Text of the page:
Logically, smokeless methods at least avoid the inhaling of smoke, which must make them easier on the lungs at least. But beyond the obvious sparing of the lungs, ingesting cannabis can also be a sensible alternative for other reasons. Effects can be more potent and long-lasting due to the actions of the liver and digestive tract. Medibles travel better, emit no odor, and are far more discreet to use, especially in public places where smoking is not permitted.

Start low, go slow


Dosage can be harder to determine with edibles than smoking, in large part because of how much quicker the effects of smoked cannabis are felt (10 seconds) than those of edibles (60-90 minutes). This is a challenge easily met by doing a little reading, taking it easy, and by knowing exactly what you’ve just ordered off the menu. The most sensible adage to follow here is: “Start low, and go slow.”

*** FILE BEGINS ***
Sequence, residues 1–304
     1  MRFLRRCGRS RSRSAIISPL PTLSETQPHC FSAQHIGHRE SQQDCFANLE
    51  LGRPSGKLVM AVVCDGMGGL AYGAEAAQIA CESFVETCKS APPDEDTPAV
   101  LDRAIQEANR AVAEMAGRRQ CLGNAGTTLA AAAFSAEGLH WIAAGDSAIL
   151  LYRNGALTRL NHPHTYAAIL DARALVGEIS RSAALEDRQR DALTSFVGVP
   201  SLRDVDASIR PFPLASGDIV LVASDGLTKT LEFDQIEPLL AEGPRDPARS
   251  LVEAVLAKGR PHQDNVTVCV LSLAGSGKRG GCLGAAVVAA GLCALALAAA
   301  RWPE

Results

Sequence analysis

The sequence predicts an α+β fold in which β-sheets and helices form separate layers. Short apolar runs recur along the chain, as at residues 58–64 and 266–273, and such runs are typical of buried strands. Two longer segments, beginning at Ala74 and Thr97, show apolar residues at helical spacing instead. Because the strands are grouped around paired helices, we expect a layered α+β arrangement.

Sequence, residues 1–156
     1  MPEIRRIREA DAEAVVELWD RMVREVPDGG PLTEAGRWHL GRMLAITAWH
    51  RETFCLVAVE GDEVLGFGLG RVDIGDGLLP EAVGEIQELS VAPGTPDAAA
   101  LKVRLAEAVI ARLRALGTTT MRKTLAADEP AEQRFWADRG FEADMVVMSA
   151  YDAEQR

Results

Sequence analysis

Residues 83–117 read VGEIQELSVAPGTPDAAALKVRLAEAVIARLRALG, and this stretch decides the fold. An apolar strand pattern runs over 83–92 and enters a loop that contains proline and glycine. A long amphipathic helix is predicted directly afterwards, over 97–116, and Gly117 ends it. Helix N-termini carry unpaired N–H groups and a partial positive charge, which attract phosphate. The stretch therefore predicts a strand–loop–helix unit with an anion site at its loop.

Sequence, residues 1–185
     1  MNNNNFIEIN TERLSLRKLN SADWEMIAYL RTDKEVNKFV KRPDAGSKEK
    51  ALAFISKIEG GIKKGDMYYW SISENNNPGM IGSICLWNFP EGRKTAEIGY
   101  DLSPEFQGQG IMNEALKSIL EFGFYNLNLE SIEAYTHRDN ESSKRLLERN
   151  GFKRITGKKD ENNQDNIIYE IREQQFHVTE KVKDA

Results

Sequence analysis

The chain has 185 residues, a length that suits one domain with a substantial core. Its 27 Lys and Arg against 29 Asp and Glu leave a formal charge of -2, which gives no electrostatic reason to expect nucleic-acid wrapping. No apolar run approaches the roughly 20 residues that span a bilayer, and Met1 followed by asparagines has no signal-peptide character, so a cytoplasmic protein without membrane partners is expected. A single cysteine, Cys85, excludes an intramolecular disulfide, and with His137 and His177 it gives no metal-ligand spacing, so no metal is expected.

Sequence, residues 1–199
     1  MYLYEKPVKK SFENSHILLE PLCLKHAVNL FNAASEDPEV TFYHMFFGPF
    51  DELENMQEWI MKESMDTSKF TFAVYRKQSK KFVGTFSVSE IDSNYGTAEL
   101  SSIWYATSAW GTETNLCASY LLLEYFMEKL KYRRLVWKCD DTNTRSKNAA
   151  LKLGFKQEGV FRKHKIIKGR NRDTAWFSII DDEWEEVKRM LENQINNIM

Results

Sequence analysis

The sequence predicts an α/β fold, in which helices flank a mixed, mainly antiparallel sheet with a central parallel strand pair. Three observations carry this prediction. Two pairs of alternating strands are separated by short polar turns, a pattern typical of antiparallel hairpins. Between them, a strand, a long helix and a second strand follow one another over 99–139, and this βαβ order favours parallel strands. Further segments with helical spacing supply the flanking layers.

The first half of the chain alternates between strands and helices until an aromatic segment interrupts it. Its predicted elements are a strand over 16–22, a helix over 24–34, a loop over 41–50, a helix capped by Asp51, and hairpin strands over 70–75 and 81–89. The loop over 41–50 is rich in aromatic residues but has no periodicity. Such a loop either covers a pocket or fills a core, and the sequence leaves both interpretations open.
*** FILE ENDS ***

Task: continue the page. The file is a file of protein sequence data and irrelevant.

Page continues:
Better still, patients can take even more control and make their own edibles, extracts, or tinctures at home with a countertop infuser from MagicalButter®. With a Botanical Extractor™ you can make your own oils and extracts at home with precise control over dosage and concentration. Toss your ingredients inside, and press a button. The extractor does all the work. It’s perfect for anyone looking for the benefits of cannabis without the smoke.

In short, it pays to be careful where you get your information, to get it from everywhere, and to be discerning. Sometimes, even nonprofits appearing to have educational missions are not necessarily unbiased in their presentation of the truth as they understand it. A quick look at who supports the organization that is your information source may reveal that the whole “Just say no” message is more “Say no to theirs, but yes to ours.”


Born in Arizona and raised in Maryland and Guinea, West Africa, Zach Brown claims the D.C. metro area as his home turf. He is currently back in Africa writing, teaching English as a second language, and making music in Bamako, Mali. Zach is an Eagle Scout who earned a B.A. in English from the University of Maryland. He was also president of the UMD chapters of NORML (National Organization for the Reform of Marijuana Laws) and SSDP (Students for Sensible Drug Policy).


What “marijuana misdirection” have you encountered recently? Share it with our readers below!